Luis Alvarez, the NYPD detective who used his final days to plead with Congress for more benefits for 9/11 first responders, has died, his family said Saturday.
"It is with peace and comfort, that the Alvarez family announce that Luis (Lou) Alvarez, our warrior, has gone home to our Good Lord in heaven today. Please remember his words, 'Please take care of yourselves and each other.' We told him at the end that he had won this battle by the many lives he had touched by sharing his three year battle. He was at peace with that, surrounded by family. Thank you for giving us this time we have had with him, it was a blessing!" his family said in a statement.
Alvarez, a former NYPD detective who saved people from the rubble on 9/11, was suffering from colon cancer in hospice care, but continued to speak out with one final plea: Permenently extend the 9/11 Victims Compensation Fund Bill, so his fellow first responders could get the health coverage they need.
Alvarez went down to Capitol Hill, along with Jon Stewart and other 9/11 survivors and first responders, earlier this month to demand Congress extend the funding. He gave emotional testimony that riveted the nation and Capitol Hill, one day before his 69th round of chemotherapy, he said.
The day after he gave that emotional testimony, Alvarez’s liver shut down and doctors told him there was nothing more they could do to treat the cancer he got 16 years after saving anyone he could from the heaping piles death and destruction.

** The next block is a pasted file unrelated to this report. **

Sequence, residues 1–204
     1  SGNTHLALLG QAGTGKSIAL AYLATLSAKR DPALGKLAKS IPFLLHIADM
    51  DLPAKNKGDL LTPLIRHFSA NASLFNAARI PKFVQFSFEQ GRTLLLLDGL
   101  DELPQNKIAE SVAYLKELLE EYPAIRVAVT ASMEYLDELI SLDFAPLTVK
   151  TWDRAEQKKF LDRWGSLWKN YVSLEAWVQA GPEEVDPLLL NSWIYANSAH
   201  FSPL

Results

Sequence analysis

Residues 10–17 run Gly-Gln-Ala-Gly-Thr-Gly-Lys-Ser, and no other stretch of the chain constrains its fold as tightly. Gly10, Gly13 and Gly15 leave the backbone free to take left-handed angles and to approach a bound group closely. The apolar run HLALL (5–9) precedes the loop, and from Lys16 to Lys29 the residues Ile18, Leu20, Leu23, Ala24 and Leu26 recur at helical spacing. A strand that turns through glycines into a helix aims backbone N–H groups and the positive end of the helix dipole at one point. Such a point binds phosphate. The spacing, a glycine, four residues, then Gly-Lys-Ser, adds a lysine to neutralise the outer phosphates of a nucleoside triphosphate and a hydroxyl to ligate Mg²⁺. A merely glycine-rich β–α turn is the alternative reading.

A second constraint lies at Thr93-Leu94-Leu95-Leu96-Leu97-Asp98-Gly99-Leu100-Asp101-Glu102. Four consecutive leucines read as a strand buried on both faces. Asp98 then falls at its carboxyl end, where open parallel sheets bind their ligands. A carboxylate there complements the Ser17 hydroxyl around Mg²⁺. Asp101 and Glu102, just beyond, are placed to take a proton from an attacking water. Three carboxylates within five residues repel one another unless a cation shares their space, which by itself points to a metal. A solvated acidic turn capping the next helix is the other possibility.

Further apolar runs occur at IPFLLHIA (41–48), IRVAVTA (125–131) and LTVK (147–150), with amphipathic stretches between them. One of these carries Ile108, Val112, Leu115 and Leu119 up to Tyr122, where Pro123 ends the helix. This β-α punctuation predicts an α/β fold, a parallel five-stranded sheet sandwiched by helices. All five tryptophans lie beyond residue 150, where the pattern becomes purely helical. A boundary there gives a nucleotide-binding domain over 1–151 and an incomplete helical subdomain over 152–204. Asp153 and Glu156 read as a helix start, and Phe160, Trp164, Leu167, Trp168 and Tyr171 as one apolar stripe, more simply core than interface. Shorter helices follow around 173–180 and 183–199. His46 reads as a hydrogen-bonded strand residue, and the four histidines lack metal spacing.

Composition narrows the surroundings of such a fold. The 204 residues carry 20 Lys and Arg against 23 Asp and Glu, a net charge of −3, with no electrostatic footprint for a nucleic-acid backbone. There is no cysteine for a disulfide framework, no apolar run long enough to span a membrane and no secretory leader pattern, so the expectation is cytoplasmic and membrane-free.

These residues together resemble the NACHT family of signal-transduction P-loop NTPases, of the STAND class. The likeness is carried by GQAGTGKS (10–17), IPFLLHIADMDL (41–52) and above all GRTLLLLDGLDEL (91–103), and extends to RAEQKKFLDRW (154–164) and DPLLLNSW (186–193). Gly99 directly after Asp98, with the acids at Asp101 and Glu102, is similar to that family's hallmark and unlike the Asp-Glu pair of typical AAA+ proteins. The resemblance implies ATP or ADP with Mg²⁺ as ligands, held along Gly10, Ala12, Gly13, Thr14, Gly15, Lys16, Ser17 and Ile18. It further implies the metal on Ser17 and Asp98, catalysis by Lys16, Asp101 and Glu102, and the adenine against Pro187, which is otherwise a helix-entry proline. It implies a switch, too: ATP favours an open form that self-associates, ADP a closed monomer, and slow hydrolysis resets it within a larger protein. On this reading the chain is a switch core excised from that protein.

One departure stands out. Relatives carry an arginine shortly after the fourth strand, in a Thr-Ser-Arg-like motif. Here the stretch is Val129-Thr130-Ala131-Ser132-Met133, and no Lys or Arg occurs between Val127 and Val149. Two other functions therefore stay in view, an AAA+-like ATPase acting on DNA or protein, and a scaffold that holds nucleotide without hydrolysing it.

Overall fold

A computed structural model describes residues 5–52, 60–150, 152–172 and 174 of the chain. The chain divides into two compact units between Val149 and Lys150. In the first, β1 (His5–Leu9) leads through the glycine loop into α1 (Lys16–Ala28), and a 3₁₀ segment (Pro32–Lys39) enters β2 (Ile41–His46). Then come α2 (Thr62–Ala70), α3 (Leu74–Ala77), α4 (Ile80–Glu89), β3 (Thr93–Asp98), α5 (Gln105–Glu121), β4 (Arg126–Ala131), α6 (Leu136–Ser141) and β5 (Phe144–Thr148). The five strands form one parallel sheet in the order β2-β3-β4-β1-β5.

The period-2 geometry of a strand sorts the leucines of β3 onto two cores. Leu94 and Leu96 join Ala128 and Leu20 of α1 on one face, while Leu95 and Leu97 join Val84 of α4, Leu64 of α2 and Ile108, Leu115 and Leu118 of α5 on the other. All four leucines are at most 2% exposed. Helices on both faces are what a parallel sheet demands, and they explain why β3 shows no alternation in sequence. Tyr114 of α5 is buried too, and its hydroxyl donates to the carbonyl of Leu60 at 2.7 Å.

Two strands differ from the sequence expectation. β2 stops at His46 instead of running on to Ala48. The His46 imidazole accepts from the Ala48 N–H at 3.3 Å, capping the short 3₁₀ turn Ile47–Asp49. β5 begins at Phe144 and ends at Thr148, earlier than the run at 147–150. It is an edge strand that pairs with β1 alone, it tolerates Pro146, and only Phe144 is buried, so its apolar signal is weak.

Earlier this week, Senate Majority Leader Mitch McConnell promised a vote on a bill to extend the benefits -- after a group of Alvarez's colleagues went to McConnell's office and presented him with the dying detective's badge.
"He exemplified the NYPD motto, 'Fidelis Ad Mortem' or 'Faithful Unto Death.' Detective Lou Alvarez has lost his battle with 9/11-related cancer. An inspiration, a warrior, a friend—we will carry his sword," Chief of Detectives Dermot Shea tweeted Saturday morning.
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“On 9/11 when we went in, we didn't ask the person lying on the ground whether they were Democrat or Republican or any affiliation,” said Alvarez. “We tried to save lives, and that's the way it should be.”
The former Marine and 20-year veteran of the NYPD never wanted the spotlight, but in recent weeks forced himself to speak out until his last breath — not for him, as he had said he and his family were covered.
It was for the others who went into the cloud of smoke and ash before and after him, to make sure they are taken care of.
“That’s my ultimate goal, legacy, is to have this bill passed so first responders have the coverage they need,” said Alvarez.
Alvarez told News 4 from his hospice that he was “at peace” with everything, because he was not in pain and could still “work from my bedside, I can still put the word out.”
And as for his family, Alvarez had a simple message for them: He just wanted to make sure they’re going to be okay.
“Let them know that dad did everything he could to help people. And I told ‘em: You start a job, you finish it. Your word is your bond, and be a man, always be a man about it. So my legacy to them is dad did his best. Never quit, no matter how hard things got. Dad never quit.”